Lord Jesus, I believe you died for me and rose again from the dead. I ask you to forgive me of my sins. I
accept you into my heart as Lord and Savior. I give
 my life to You from this day on. Make me Your disciple. I'm going to follow You for the rest of my life. I love you JESUS!
.

4 Things you should know:

1.) Your sins are forgiven- 1 John 1:9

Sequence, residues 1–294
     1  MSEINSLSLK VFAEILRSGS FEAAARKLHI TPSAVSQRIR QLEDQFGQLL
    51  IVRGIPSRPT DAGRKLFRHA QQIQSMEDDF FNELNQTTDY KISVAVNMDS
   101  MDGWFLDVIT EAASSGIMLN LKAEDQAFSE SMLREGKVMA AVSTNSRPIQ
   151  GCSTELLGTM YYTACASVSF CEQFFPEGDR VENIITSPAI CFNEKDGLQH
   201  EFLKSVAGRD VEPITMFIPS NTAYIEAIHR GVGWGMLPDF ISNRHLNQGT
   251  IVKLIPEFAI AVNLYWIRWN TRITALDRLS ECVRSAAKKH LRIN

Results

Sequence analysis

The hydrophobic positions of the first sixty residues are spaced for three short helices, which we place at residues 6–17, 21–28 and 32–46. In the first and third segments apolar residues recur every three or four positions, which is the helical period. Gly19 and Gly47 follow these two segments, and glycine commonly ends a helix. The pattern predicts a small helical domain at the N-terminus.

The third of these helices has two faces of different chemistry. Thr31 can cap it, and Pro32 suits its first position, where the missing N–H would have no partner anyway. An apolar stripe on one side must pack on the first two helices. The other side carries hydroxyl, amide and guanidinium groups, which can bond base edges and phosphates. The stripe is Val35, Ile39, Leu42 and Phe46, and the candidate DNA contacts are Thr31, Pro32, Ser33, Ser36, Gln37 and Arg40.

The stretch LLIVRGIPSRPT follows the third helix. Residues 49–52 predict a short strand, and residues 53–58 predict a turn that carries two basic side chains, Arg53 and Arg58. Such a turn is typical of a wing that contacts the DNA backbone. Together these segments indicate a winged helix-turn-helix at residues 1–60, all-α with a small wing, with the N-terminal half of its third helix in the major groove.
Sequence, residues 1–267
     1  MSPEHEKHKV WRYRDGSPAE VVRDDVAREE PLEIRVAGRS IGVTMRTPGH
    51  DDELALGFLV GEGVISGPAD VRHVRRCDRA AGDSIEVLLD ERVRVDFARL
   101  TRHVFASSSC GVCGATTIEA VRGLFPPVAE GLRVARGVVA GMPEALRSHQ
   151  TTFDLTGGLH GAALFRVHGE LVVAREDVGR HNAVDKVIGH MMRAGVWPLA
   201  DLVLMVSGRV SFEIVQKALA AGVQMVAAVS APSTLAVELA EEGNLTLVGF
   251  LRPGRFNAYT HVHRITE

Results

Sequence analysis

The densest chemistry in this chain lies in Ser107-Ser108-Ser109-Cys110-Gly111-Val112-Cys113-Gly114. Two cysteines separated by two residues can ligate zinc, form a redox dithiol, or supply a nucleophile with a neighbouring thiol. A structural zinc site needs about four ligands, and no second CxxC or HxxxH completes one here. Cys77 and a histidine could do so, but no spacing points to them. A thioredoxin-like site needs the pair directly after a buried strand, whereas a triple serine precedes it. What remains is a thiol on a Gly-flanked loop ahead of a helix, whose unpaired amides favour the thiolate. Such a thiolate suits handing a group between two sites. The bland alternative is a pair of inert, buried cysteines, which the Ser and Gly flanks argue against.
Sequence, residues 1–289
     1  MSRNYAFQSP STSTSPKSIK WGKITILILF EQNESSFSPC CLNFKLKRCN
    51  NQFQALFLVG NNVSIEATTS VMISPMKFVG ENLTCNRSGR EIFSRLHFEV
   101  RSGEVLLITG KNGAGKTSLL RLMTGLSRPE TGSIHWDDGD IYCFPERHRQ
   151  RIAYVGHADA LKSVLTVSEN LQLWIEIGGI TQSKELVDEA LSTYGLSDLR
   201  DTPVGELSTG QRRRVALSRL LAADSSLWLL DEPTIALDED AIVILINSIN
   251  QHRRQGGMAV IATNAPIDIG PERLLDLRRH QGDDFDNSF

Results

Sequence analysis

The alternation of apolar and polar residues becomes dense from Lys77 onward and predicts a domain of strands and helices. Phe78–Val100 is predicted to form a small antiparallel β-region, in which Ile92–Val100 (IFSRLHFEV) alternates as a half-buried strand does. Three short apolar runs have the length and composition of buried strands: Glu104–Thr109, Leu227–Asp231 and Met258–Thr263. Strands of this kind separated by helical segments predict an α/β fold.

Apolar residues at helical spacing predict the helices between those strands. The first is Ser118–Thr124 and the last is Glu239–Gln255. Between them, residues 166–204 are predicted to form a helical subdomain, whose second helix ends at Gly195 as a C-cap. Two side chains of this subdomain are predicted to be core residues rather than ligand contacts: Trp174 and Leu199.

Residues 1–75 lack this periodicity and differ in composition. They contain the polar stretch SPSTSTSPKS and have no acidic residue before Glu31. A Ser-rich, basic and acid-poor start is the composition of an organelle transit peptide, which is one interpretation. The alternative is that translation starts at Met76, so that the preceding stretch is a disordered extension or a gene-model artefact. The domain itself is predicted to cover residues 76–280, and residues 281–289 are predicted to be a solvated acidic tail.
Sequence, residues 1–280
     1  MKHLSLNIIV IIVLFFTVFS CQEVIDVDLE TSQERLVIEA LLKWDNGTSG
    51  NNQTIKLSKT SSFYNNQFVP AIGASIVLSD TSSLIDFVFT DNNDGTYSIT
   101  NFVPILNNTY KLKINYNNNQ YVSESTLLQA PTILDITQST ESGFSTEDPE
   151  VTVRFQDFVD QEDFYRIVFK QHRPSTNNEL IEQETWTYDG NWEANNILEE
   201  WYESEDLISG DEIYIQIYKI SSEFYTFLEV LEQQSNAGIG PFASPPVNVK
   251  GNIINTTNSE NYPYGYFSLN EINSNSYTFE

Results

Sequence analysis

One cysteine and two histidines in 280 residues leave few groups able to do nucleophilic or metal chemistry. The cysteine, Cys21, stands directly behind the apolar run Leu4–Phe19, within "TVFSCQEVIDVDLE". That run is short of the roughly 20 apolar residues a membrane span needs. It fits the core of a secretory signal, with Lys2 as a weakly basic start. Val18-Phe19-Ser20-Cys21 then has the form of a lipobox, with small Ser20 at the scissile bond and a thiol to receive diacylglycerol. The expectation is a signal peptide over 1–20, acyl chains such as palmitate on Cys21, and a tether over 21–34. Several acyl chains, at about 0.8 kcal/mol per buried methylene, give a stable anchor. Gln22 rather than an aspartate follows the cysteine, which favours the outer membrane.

2.) You are a new person- 2 Cor. 5:17
3.) You belong to God - Gal. 6:10
4.) You need to walk that walk


You do that by praying and talking to God. By reading the Bible. That's how God speaks to you. Then, by going to a Bible believing church. The same way I hung around those guys as friends in the past, and it didn't help me with my walk with God. So i found new friends in Christ, who encouraged me to keep going forward with Jesus. I am thankful for those Christian friends who cared enough to confront me, keep me on track and direct me to Jesus.






 
This is Your Time!